Harini Sridhar is a graduate student of Narrative Medicine at Columbia University. She previously earned her Bachelor’s in Biology at Duke University. Harini is classically trained in Bharatanatyam, an age-old dance of India. As a dancer for over fifteen years, movement has allowed her to explore themes of community, environmental health, gender identity, and disability.
Co-creating art with communities provided Harini with an appreciation for the power of the arts as a means of connection across culture, language, and age. Dancing on Duke’s classical Indian dance and Raas folk dance teams helped her find a community in college. While spending a semester abroad in South Africa, movement blossomed into conversation on health and community between her and her homestay grandmother. In India, while serving as a teaching assistant at a special needs school, she used the arts to teach menstrual health management to ten-year-old girls with autism. For her undergraduate capstone project in a neuroscience course, Harini studied how dance can improve social and cognitive skills for people of all abilities. She choreographed and taught a piece focused on community development, and through interviews, learned that the dancers shared meaningful new connections and spoke of a catharsis that comes from being heard. Their group performed at the Talent Show of All Abilities at the Durham Performing Arts Center.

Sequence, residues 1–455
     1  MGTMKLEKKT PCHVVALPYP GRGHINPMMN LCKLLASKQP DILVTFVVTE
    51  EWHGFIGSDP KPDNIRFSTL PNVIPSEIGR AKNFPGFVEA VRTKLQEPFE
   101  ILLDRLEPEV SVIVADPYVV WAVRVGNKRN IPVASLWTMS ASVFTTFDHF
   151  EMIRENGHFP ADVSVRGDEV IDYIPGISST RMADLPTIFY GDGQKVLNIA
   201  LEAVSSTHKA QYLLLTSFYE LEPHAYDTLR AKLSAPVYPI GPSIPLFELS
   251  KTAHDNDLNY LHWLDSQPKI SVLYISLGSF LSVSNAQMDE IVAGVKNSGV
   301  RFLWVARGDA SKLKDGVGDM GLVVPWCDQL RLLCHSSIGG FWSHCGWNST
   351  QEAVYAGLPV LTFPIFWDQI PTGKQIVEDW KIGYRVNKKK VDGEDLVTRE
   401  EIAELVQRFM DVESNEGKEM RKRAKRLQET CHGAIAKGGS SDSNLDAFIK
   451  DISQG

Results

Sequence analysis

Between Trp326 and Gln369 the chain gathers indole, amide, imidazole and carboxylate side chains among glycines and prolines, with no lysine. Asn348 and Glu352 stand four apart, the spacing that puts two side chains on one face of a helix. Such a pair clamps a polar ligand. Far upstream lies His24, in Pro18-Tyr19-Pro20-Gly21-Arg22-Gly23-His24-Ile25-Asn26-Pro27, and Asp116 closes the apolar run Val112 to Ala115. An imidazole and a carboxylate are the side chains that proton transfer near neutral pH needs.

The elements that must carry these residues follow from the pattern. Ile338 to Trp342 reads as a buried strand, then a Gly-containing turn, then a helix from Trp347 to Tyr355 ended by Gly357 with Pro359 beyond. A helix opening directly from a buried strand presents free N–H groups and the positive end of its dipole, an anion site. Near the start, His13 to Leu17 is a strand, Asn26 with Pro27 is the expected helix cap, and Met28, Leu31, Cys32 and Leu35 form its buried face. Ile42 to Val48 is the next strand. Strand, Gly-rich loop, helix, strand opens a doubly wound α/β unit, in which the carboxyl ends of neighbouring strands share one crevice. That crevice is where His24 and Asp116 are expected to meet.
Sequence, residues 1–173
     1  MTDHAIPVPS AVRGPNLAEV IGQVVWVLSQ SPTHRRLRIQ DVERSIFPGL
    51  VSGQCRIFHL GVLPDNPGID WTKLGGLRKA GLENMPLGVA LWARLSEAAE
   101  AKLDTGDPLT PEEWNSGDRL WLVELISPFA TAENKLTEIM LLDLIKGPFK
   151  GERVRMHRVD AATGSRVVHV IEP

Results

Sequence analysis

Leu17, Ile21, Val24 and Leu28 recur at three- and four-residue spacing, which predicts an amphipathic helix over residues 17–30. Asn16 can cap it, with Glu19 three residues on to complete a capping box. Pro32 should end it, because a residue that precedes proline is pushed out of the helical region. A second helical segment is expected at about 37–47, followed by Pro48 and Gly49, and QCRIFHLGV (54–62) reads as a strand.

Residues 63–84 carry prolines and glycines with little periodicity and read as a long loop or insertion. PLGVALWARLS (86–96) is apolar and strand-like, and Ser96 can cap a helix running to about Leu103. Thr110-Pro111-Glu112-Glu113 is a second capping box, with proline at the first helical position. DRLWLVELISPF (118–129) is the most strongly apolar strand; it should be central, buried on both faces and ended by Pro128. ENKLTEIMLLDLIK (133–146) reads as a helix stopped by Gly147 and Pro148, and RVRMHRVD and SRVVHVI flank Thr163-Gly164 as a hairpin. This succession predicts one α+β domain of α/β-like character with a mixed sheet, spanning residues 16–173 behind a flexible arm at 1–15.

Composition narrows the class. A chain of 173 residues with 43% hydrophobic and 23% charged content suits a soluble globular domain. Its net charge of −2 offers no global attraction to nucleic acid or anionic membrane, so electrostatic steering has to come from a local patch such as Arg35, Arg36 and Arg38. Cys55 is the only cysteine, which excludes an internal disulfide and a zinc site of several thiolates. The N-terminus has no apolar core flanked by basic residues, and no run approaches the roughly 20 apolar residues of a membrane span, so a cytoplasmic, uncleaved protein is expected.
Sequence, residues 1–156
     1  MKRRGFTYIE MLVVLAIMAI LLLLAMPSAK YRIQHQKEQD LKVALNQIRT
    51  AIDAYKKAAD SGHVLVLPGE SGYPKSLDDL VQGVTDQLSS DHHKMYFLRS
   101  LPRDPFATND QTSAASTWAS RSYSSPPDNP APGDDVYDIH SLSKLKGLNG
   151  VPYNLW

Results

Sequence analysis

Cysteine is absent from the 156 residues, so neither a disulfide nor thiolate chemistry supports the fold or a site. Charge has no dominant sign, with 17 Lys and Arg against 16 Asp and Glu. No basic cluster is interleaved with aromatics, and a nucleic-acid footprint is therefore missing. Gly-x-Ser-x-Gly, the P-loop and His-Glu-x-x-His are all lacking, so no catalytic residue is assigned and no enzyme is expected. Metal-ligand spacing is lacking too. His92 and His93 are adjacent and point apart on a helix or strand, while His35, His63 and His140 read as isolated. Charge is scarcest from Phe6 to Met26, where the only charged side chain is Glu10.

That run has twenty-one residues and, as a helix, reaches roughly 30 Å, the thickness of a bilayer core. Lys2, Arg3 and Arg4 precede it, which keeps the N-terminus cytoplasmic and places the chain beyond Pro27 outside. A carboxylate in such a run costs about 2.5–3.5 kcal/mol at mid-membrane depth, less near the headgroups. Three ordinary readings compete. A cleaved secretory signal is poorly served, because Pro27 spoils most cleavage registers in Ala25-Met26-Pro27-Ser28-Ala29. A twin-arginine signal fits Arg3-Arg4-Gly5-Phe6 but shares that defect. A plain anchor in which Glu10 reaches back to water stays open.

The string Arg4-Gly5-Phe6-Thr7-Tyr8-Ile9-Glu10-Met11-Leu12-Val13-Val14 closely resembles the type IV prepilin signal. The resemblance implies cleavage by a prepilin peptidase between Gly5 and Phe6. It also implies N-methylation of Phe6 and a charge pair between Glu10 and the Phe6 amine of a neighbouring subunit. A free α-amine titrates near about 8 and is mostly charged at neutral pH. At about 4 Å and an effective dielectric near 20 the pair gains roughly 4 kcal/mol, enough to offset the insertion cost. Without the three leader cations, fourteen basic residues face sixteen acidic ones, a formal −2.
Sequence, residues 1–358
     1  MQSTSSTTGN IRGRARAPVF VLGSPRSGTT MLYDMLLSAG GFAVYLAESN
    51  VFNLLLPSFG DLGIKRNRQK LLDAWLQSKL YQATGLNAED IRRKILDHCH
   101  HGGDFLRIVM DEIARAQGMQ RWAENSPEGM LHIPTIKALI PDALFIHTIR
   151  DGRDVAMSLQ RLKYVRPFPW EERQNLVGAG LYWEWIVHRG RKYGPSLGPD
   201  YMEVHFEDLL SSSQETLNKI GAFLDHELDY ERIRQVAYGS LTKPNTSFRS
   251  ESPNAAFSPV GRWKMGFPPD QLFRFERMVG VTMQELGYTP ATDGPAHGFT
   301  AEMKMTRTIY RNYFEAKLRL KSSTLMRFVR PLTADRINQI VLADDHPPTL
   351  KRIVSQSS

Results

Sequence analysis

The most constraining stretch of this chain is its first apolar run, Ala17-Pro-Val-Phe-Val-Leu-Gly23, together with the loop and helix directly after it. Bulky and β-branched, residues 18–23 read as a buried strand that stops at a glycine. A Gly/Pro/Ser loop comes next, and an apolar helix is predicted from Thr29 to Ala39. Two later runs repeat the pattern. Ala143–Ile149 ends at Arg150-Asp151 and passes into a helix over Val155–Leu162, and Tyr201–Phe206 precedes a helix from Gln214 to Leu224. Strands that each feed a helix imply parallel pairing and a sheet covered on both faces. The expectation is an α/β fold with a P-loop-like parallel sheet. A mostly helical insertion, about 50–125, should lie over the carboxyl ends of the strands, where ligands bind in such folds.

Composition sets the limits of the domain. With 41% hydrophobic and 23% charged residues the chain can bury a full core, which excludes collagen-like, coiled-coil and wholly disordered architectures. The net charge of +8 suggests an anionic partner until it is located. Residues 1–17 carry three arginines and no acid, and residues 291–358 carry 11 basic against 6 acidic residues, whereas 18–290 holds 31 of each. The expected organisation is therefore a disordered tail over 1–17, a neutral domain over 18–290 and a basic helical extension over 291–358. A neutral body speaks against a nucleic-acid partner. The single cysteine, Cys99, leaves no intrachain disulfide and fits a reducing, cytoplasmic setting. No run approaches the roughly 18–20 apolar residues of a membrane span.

Harini’s training in dance coupled with her study of Narrative Medicine has allowed her to understand the significance of both verbal and nonverbal expression. This attentiveness has allowed her to understand the nuances of others’ experiences, better attend to their suffering, and advocate for those with illness. While she spent a year working as a behavioral therapist for children diagnosed with autism, this was important in advocating for families of color and marginalized communities in medicine. Harini also works closely with a non-profit, We Are Saath, that aims to destigmatize mental illness in the South Asian diaspora. She brings this lens as she contributes to research, building a database of South Asian mental health providers, and conducting narrative medicine workshops in the community.
With Aseemkala, she hopes to closely read ancient Sanskrit stories with themes of mental illness and wellness, and embody these stories through movement. She also hopes to consider western constructions of memory, trauma, and witnessing literature, exploring the clinical applications of these texts through time. Particularly, the use of dance does not limit us to a singular definition of the language that makes up stories, as we can engage with the symbolism, methods of construction, metaphors, tone, gaze, and body movement that exist beyond. In this way, she hopes to discover how we can serve as better witnesses to different communities.